This Is the Most Common Home Repair Mistake a Taskrabbit Sees on the Job

published Jun 5, 2023
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woman measuring wall with measuring tape
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During her peak busy time as freelancer on the app Taskrabbit, a “tasker” named Lindsay completed about 32 home repair tasks for strangers (homeowners and renters in Brooklyn) in a month — in addition to her office day job. 

Lindsay, who is a licensed contractor based in Brooklyn, joined Taskrabbit to save a little extra money for her now-wife’s engagement ring, and she’s since completed over 100 tasks on the app (and even more through her personal business). And in that time, she’s seen a lot of the same errors from DIYers pop up over and over again — often because they call on her to come make the fix. Here’s the most common mistake she sees and how to avoid it.

The most common missteps have to do with hanging heavy objects.

“It seems simple to attach something to a wall, but there are actually a lot of variables,” Lindsay says. “Are there studs nearby? Do you have drywall or gypsum? Is there a fireproofing layer in the wall? Are there electrical or plumbing lines you need to worry about? Is there brick behind the wall?”

The risk is high for these sorts of tasks, Lindsay adds, both in the hanging process and later, if an unsecured piece falls. “A serious mistake in mounting could cause personal injury or significant wall damage,” she says. “And if you make a mistake and need drywall repair, you’d definitely want to hire a professional to get it to look just right again.” (Drywall is one task that even experienced renovators say they’ll never take on again because it’s so tricky to do well.)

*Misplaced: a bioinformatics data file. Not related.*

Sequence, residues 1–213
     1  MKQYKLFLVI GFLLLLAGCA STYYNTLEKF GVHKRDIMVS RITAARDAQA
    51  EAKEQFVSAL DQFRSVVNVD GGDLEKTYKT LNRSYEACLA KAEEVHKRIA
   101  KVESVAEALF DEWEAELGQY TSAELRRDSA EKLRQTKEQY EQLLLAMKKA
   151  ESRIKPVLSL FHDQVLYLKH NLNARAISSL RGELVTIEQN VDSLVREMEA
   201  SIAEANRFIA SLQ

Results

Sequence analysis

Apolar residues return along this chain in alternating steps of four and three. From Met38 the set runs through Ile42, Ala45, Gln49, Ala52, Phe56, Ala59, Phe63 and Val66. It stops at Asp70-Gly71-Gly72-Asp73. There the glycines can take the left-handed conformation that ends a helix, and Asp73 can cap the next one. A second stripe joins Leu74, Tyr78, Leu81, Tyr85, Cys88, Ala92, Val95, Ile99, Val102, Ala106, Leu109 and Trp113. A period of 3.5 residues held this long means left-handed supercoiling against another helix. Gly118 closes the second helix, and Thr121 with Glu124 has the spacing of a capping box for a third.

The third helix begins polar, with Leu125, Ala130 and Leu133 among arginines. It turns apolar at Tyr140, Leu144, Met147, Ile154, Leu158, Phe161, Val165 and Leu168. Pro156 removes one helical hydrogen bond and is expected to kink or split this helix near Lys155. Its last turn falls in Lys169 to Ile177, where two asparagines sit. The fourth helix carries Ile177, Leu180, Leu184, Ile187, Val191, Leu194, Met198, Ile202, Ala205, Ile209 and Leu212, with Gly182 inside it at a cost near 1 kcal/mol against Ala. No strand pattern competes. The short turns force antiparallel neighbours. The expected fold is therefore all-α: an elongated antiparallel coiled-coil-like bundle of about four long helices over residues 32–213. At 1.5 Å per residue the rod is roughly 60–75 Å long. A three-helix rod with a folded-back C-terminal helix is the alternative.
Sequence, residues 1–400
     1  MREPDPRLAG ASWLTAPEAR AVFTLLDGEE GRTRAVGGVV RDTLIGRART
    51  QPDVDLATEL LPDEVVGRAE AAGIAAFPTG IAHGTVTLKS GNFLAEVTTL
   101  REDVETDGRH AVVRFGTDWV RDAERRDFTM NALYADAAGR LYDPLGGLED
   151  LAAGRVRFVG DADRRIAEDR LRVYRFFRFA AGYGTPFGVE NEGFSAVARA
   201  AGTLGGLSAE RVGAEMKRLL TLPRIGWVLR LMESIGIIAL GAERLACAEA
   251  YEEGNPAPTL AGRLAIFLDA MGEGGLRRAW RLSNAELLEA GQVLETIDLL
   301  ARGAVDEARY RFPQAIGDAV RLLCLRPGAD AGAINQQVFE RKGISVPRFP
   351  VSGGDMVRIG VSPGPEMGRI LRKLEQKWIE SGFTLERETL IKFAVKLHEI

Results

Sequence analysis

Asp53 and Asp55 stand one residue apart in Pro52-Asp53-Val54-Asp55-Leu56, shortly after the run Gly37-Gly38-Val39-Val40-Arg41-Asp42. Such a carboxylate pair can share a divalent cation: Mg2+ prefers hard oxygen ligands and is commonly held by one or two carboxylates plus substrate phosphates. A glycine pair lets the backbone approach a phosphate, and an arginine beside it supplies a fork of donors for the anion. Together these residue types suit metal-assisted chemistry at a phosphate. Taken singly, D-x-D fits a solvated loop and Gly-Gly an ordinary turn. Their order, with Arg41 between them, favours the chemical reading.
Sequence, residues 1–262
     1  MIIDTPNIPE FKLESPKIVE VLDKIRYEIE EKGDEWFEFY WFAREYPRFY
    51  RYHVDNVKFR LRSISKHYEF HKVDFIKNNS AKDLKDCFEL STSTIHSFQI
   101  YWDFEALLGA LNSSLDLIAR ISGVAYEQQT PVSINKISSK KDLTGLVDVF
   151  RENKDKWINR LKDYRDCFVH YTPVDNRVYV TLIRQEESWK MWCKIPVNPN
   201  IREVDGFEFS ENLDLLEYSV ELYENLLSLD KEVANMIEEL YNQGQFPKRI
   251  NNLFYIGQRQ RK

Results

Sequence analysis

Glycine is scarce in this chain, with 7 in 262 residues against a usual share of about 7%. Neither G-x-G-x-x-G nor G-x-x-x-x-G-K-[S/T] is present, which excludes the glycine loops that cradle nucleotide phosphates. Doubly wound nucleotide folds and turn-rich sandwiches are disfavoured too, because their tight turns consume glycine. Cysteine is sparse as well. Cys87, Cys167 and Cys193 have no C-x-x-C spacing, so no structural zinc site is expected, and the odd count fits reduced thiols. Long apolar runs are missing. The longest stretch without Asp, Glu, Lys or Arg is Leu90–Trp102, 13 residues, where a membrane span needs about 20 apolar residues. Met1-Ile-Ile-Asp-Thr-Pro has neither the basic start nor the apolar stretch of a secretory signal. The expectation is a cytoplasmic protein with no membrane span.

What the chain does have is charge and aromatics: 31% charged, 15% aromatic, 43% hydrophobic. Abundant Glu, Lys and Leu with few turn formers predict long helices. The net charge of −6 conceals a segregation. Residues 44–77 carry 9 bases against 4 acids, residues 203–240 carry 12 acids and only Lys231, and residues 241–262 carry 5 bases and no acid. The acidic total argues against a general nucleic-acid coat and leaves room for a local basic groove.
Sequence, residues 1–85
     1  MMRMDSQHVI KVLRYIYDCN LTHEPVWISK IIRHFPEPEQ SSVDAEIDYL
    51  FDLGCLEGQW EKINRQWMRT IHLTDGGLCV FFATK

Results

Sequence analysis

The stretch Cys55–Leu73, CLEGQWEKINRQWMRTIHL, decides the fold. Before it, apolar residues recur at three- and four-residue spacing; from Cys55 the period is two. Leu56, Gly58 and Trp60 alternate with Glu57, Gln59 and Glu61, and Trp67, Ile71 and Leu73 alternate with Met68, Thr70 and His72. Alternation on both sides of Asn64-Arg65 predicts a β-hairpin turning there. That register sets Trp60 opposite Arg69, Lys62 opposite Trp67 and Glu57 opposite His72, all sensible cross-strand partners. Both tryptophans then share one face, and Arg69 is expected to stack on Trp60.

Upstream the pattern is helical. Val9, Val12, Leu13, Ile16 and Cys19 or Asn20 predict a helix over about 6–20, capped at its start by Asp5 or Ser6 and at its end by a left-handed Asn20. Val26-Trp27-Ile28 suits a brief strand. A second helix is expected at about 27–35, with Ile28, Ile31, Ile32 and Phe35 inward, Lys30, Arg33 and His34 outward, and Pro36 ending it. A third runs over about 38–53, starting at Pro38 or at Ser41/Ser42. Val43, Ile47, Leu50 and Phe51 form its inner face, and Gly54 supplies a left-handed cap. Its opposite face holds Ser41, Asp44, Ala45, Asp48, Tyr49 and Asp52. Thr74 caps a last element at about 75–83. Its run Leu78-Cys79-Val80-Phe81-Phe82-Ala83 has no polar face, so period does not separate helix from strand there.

It’s no wonder that mounting is one of her most-booked tasks, then. Her advice: “If you’re not sure of what you’re doing, it really is best to hire a professional and equally important to hire someone who you are confident that they know what they are doing, too.”

Those who take a stab at hanging items themselves without doing their research first are prone to overcorrecting, resulting in the single most common hanging mistake Lindsay sees.

The single biggest mistake with hanging heavy items isn’t actually what you’d think. 

Rather than ripping holes in the wall due to improper mounting, people often put holes in the wall that aren’t actually necessary. “I think people tend to approach stuff with a lot of overkill because they’re so worried that it’s going to go wrong, but what that ends up doing is just putting additional holes in the wall,” Lindsay says.

But if you’re putting extra screws in the wall without locating a stud or using a drywall anchor, they’re not all that helpful. And if you are using drywall anchors, you’re just creating more work for yourself later, especially if you’re a renter — all those holes will have to be filled!

If you’re using an anchor in its intended way, Lindsay says, you can trust what the pound rating is. “So if something says that it’s going to hold 50 pounds, it’s going to hold 50 pounds. You don’t need to put eight of them. I think sometimes people are like, ‘I better put eight of these screws to make sure it’s really on there.’

Here’s how to hang things on the wall like a pro.

Using only what you need will help reduce the amount of work you need to put into reversal on move-out. Lindsay recommends picture hangers like these that are held in place with a nail; you’ll create one nail hole but still have a hook for heavy-duty (about 100-pound) support. She also recommends a laser level and a picture frame hanger helper tool like this to ensure your display looks perfectly aligned. When you’re done, it will look like a job done by a pro.